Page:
There is no denying the power that music can have in bringing us all together, especially in times of tragedy. Shortly after the death of David Jones, lead vocalist of Enemy You, tributes came pouring in from all over the globe of bands who appreciated his band’s music in ways they couldn’t even begin to describe. Enemy You ruled the 90’s melodic punk scene, and left a remarkable footprint for other bands to follow in wake of this tragedy. The Lillingtons have lovingly re-imagined several songs from Jones’s catalog for the Red Scare Industries covers EP called Can Anybody Hear Me? In these six songs that comprise this record, you can hear the magic of David Jones’s legacy all over these carefully crafted covers. In a recent interview for the publication, Brooklyn Vegan, The Lillingtons’ vocalist/guitarist Kody Templeman (Teenage Bottlerocket) added, “We were fans of David Jones’s music before Enemy You, but he was at his peak as a songwriter during that time. Those albums have always been special to us. David will always be special to us. We’re proud and honored to be releasing these songs along with Ken and Chris.” The record has been pressed to vinyl with a portion of the proceeds benefiting the National Suicide Prevention Lifeline.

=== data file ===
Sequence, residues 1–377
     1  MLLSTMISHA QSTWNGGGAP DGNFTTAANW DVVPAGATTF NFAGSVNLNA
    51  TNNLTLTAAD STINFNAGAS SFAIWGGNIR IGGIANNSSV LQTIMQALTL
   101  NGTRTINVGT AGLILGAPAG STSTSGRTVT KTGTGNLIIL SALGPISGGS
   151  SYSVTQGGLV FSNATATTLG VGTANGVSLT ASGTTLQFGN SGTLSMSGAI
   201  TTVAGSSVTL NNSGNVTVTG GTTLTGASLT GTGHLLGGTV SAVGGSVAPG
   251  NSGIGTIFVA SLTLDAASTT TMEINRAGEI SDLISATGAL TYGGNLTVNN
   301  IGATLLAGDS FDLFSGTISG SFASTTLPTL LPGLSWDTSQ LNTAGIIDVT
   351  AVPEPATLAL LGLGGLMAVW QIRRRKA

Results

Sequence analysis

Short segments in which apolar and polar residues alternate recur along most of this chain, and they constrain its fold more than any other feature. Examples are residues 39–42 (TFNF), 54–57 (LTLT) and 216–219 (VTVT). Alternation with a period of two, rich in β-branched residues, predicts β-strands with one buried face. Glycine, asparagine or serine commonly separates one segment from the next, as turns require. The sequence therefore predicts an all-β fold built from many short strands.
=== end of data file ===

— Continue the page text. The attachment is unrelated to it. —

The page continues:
The record blasts off with the melodic, NOFX-stylized brand of punk, called “Automaton.” The Lillingtons’ do the song perfect justice by capturing the spirit of the original. My favorite from the EP comes in the second song, “72 Hours,” where Templeman sways between the punk chords with veteran ease as he sings on the perfectly crafted chorus, ” ‘Cos though our clocks are ticking / Right now we’re here and kicking / If I head for that cliff will you still catch me? / Each time they turn it up / But I just tear it down / My thoughts alkaline and I run on gasoline.” The energetic lyrics bring on new life as The Lillingtons charge up the tempo to give the song some new legs.
”Awake” features a nice tempo change at the midway point of the song, and is reminiscent of early Bad Religion. For a compilation made up of a different vocalist and drummer, but the same bassist (Chris Matulich) and rhythm guitarist (Ken Yamazaki), they have a ton of great chemistry and their musical chops are razor sharp. The consistency of these punk veterans is also felt on “The Only One” and spiraling “Hopes and Dreams.” On the latter track, David Jones would certainly be proud looking at the legacy he has left behind that inspired so many punk rockers (The Lillingtons included) to pick up a guitar and play their hearts out. Punk rock seems like an easy genre to play, but to do it this damn well takes a lot of practice and remarkable talent.